Sniper 3 borrows from another (read the only other) sniping franchise, Sniper Elite, in the form of slow down bullet travel to impact. Fire off a sniper head shot from a decent range and watch in mostly slow motion as your bullet leaves your gun and travels into some poor dude’s eye. It’s not quite as satisfying as Sniper Elite’s bone shattering x-ray vision, but it’s still good fun and humorous every time (especially when your bullet goes in a guy’s ear).
There are some technical hiccups that bring the game down quite a bit. These are some graphical issues and framerate drops, but the biggest hindrance is load time when starting the game or when traveling between the three maps. I understand the load time also decreases load times after you die (although that’s still longer than I’d want), but it’s just an absurd wait time. A patch is supposedly coming, but a game can’t be judged on a patch that will come eventually.
Like the technical patch, multiplayer is also coming at some point in the future. Much like Far Cry, I don’t think this game really needs multiplayer though. I don’t foresee it being popular enough to have a vibrant community anyway. Unless it’s co-op, competitive multiplayer seems like a waste of resources. With that said, the lack of multiplayer has no effect on the score given because this is exactly the type of game that I could care less about multiplayer in.
The story missions, if you can tune out the dialogue, offer up a nice amount of variety to be worth playing even if you don’t (you won’t) care about the story. It would have been easy for the game to rely on repetitive mission design, as so many games do, but luckily CI Games largely avoided that trap here. Sure a lot of time you’re going to be perched back somewhere hiding while you scout the area with your zone to tag enemies before blowing their brains out from afar, but then it is a sniping game.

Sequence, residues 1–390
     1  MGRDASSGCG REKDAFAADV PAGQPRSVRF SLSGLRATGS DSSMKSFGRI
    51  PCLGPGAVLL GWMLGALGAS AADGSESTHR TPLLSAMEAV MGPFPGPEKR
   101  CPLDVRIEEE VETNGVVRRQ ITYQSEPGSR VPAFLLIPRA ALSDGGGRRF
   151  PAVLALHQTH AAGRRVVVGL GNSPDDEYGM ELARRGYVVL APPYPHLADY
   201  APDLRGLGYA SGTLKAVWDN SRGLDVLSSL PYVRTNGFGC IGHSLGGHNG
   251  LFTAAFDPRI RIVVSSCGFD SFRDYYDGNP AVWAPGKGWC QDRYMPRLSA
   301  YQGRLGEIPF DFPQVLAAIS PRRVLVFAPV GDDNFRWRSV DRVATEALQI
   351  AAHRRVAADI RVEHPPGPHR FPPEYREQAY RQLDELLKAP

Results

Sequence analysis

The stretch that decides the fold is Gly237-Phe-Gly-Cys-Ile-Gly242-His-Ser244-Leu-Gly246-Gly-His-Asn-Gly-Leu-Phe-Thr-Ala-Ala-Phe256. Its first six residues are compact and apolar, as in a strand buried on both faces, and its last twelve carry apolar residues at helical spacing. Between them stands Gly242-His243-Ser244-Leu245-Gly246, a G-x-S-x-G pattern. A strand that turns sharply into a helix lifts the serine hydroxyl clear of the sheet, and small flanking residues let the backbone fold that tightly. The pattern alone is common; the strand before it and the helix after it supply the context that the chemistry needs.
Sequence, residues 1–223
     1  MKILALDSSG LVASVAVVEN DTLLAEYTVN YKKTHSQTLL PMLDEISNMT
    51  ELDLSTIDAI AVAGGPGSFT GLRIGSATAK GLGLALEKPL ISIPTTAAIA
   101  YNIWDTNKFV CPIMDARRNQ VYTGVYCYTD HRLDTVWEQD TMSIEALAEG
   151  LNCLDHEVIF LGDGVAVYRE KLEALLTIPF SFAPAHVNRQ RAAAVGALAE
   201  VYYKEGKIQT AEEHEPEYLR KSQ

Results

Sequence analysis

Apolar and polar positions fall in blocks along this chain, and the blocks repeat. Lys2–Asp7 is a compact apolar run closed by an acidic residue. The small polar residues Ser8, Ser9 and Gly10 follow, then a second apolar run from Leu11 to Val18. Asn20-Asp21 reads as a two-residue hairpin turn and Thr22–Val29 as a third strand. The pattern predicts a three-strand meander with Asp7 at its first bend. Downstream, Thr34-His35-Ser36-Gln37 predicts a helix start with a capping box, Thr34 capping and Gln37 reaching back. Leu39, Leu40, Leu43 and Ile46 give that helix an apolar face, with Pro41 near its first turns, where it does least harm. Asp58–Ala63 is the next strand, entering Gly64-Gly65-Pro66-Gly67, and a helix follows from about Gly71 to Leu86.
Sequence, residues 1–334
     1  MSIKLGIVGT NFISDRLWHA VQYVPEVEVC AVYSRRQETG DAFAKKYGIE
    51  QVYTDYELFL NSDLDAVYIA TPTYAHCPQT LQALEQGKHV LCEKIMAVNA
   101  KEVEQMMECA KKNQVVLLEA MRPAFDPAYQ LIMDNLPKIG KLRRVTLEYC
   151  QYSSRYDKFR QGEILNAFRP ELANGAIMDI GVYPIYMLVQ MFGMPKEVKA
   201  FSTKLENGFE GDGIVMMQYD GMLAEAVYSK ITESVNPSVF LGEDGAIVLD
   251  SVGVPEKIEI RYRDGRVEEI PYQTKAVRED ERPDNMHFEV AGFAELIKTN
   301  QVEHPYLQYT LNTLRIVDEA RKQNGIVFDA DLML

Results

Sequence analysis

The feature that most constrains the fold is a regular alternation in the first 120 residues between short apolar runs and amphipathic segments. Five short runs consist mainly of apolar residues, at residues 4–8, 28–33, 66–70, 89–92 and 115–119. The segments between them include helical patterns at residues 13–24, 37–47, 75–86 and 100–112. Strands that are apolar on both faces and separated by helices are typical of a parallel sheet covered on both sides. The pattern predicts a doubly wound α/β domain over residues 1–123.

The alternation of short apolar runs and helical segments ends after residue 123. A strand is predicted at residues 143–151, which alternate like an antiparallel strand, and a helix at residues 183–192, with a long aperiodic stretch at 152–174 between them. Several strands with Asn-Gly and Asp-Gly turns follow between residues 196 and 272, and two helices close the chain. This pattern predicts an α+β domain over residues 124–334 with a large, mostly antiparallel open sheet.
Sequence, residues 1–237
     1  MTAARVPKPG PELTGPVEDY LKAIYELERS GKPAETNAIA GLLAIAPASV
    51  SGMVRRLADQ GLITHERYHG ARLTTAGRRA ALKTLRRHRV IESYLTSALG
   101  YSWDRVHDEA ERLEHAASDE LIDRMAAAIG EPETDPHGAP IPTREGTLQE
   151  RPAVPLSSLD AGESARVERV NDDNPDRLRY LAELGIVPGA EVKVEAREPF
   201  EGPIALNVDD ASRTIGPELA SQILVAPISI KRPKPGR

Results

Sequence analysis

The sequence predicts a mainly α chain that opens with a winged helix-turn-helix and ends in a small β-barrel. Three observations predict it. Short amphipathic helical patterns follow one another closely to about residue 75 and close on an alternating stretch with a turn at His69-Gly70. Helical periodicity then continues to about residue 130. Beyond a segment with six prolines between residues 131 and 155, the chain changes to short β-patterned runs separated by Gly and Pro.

Ultimately, Sniper Ghost Warrior 3 is a satisfying experience bogged down by some kinks that can be ironed out. It’s a solid foundation to build upon for future installments, again if CI Games chooses to continue with the franchise (and this is the best one yet, so I think they should).
If you can put aside the long load times and the generic and dull story, you can have some fun with this game. Would I recommend dropping $60 on it? Of course not, but if you enjoy sniping and catch it under $30 you should get it.
Sniper Ghost Warrior 3 gets a three out of five: SATISFYING.
* A copy of this game was provided by the publisher for review.
Gary is Owner and Editor-in-Chief of Vortainment. He’s usually posting news and reviews, and doing all the back end stuff as well. He likes to play video games, watch movies, wrestling and college football (Roll Tide Roll).